|For the last ten years, Paul Reddick & The Sidemen have been forging a band
of hard and steady blues that truly showcases the blues as a viable art form. They can move effortlessly from a
rocked-up jump blues tune to an acoustic performance straight out of the Delta without missing a heartbeat. Leader
and harp master, Paul Reddick, got his inspiration for this album from his fascination with the field recordings
of Alam Lomax for the Library of Congress, which is blues in its purist form, showing the blues as folk music.
That raw, primitive fierceness from those ancient recordings can be felt throughout this CD.
Paul Reddick's vocals and harp are at the lead of this great band, but the Sidemen are no slouches when it comes to the blues. Greg Marshak handles the bass, while Vince Maccarone handles the drums, and Richard Bell supplies the keyboard work. The guitars are manned by Kyle Ferguson and by producer Colin Linden. As a unit, they showcase their mastery of different styles of the blues, meaning there is something here for every blues lover's taste.
There is a lot of good blues on this set. "Dreamin' Dreamin'" is a one-chord song, and the ethereal, haunting organ from Richard Bell adds to the dreamlike effect. There is some great slide work on "Pearl River Blues". The Pearl River appears in a short story by the late Eudora Welty, and the lyrics came from a prison work song.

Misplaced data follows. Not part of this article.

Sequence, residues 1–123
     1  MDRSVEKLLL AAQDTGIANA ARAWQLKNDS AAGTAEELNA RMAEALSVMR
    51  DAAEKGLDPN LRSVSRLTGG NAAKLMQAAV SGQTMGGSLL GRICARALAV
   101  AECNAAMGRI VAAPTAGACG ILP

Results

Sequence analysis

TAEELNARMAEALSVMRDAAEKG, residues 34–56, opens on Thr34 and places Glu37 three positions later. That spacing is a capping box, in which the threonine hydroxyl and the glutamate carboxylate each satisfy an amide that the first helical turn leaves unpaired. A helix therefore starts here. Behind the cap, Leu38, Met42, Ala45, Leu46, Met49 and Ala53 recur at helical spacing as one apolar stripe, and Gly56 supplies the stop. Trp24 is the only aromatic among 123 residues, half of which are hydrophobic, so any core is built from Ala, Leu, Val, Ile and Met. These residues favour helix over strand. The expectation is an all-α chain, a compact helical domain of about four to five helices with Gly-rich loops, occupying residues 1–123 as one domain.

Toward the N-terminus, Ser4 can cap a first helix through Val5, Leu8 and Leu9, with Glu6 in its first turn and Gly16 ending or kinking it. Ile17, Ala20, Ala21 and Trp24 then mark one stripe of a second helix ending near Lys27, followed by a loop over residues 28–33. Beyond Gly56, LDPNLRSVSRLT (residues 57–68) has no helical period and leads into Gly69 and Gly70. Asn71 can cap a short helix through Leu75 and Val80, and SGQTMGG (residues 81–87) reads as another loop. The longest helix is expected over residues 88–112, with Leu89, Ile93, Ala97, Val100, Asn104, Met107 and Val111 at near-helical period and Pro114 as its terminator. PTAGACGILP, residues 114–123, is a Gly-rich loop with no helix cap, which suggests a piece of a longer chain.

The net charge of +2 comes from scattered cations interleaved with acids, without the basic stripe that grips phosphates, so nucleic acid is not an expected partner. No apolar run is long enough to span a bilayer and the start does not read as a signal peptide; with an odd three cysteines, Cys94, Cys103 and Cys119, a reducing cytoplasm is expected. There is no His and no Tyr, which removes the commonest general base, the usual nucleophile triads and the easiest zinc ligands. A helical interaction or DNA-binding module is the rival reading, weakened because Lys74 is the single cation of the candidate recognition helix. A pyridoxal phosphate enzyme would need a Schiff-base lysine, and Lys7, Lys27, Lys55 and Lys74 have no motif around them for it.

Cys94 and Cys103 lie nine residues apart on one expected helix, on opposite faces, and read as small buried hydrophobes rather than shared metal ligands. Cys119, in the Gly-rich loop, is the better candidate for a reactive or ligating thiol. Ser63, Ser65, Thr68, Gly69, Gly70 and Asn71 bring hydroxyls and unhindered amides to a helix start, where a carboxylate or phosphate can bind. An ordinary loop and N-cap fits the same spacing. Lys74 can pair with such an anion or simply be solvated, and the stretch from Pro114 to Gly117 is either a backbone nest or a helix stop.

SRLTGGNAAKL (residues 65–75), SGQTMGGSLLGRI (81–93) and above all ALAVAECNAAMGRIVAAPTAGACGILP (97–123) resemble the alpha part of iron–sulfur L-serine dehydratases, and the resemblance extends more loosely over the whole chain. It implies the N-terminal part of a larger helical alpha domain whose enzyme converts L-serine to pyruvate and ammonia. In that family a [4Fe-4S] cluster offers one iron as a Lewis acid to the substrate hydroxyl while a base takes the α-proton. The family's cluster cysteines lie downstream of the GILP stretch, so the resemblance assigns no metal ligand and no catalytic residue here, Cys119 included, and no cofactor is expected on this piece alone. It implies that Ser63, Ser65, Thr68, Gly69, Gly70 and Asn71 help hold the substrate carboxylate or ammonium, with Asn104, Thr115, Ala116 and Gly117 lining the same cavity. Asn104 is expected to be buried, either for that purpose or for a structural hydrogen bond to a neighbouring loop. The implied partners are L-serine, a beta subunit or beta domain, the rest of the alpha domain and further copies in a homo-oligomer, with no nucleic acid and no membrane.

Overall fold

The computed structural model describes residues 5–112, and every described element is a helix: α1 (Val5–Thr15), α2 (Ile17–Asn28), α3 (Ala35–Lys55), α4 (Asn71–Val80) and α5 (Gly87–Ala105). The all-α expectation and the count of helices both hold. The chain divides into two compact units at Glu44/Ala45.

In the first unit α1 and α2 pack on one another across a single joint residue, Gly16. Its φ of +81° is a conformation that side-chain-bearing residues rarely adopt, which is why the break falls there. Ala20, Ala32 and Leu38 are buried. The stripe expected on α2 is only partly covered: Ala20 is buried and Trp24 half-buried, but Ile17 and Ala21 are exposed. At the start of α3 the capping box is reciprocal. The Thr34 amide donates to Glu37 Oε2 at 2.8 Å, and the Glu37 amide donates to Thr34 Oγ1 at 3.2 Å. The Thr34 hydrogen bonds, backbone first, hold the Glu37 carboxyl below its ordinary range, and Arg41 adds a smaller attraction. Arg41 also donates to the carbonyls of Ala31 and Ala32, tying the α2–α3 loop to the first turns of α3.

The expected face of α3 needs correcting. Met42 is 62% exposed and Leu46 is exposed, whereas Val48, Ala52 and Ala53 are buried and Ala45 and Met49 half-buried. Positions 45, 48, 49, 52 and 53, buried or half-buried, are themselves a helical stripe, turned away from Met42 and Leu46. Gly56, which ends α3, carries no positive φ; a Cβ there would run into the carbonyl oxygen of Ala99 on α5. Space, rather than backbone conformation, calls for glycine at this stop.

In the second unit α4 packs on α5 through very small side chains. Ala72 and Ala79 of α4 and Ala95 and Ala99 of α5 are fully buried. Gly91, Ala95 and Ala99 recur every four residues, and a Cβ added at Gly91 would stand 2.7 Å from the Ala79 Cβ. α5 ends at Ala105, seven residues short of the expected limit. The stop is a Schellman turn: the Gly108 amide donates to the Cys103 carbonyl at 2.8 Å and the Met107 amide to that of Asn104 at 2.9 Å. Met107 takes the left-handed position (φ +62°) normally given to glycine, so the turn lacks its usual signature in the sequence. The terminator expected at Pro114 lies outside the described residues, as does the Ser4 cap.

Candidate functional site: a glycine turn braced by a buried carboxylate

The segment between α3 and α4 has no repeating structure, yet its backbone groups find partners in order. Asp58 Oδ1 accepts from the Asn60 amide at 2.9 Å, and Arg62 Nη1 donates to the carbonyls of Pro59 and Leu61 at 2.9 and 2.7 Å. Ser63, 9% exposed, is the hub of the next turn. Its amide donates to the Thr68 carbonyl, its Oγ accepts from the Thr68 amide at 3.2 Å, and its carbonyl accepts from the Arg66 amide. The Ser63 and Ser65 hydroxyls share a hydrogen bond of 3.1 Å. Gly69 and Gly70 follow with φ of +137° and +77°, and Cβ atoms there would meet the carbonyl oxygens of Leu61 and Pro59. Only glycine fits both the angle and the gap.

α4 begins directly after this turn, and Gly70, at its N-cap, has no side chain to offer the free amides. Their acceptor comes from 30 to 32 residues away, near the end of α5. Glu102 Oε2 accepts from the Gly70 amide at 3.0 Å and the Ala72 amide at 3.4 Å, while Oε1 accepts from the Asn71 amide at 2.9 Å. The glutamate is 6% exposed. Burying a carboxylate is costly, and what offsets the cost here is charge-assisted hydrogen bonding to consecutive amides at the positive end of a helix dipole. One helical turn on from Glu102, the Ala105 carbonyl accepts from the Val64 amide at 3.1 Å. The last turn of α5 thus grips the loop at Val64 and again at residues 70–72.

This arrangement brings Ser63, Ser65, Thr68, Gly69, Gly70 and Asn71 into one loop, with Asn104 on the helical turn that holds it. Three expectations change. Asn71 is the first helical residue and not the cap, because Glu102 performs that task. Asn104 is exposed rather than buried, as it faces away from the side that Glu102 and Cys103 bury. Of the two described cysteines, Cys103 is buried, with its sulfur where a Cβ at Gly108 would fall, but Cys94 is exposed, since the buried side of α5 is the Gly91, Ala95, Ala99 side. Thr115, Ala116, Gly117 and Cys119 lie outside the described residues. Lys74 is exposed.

"Trouble Again" sounds like it could have been written by Leadbelly Ledbetter or Sleepy John Estes, with its spiralling rhyme scheme. It is reminiscent of the recent popularity given "Man of Constant Sorrow" through the Coen brothers film.
We liked the boogies the best. There is an excellent piano and slide work on "One Way Trip". "Smokehouse" is another rock-house stomp with some National steel work from Kyle Ferguson. Our favorite, though, is "Scufflewood". Its origins come from the music of Mississippi Fred McDowell, and its searing guitar and piano work make it perfect for those who dance.
This is a very eclectic set from a fine group of musicians. If you like Delta blues or John Lee Hooker's or R.L. Burnsise's brand of boogie, then you will really enjoy Paul Reddick and the Sidemen!